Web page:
Begin typing your search above and press return to search.
Volume: 17 Issue: 1 January 2019 - Supplement - 1


Living-Donor Kidney Transplant-Associated Thrombotic Microangiopathy Successfully Treated With Thymoglobulin: A Case Report

Transplantation is the ultimate therapy for end-stage kidney disease. Early graft dysfunction is a devastating event to patients and carries risk of graft loss. Medical causes of early graft loss include graft rejection, drug toxicity, and thrombotic microangiopathy. Here, we report a case of posttransplant thrombotic micro-angiopathy associated with cellular vascular rejection. Thymoglobulin successfully reversed vascular rejection and thrombotic microangiopathy associated with half dosing of calcineurin inhibitors.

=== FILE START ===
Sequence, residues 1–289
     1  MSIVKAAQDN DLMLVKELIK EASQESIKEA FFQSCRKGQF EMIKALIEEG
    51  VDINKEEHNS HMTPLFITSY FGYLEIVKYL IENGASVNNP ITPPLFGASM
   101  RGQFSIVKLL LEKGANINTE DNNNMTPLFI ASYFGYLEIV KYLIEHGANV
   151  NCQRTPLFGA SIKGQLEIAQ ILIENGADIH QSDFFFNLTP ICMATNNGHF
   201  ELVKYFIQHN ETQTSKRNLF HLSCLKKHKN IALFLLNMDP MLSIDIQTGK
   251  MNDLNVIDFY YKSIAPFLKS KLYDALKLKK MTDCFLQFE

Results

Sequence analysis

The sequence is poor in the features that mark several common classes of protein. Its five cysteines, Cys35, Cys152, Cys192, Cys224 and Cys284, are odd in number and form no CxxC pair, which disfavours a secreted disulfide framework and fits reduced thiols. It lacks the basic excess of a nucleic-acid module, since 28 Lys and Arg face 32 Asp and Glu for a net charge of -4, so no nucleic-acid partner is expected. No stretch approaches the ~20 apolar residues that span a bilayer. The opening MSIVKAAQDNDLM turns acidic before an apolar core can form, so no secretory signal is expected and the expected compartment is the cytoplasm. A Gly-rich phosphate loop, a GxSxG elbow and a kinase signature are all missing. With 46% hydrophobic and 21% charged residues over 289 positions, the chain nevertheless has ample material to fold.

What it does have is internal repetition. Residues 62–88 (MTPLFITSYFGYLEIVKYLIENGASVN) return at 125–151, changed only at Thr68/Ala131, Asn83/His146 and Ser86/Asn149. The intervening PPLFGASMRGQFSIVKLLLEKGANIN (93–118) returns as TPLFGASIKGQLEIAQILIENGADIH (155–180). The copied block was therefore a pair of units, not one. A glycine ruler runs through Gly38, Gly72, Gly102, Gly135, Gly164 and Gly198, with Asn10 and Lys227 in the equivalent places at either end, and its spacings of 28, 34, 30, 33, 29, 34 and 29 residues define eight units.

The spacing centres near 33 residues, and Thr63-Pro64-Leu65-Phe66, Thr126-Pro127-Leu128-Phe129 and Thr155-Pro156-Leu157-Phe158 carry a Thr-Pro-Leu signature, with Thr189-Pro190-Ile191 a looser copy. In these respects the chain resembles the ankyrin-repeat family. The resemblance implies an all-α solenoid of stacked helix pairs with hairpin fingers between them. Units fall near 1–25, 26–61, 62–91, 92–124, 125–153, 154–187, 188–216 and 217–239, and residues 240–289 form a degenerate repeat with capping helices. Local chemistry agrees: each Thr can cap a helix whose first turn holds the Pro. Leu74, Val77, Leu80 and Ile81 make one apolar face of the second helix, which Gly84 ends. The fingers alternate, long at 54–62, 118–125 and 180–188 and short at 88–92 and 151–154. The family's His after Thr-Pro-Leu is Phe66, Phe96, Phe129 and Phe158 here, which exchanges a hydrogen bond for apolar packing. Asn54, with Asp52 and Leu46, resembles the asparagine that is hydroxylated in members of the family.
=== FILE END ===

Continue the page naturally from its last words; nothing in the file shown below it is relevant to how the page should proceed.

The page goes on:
Key words : Acute cellular rejection, Acute graft loss, Acute vascular rejection, Calcineurin toxicity


Transplant-associated thrombotic microangiopathy (TMA) is relatively rare and requires expeditious intervention to avoid irrevocable graft damage.1 Various causes have been attributed to TMA development, including vascular rejection, antibody-mediated rejection, calcineurin inhibitor (CNI) toxicity, and atypical hemolytic uremic syndrome.2 Most patients with TMA have complement dysregulation, and it may present with no evidence of microangiopathic anemia or thrombocytopenia.3 Graft biopsy should be considered for acute kidney injury or a slow progressive increase in serum creatinine levels even in the absence of another apparent cause.4 Consensus regarding the best treatment approach is lacking.

Case Report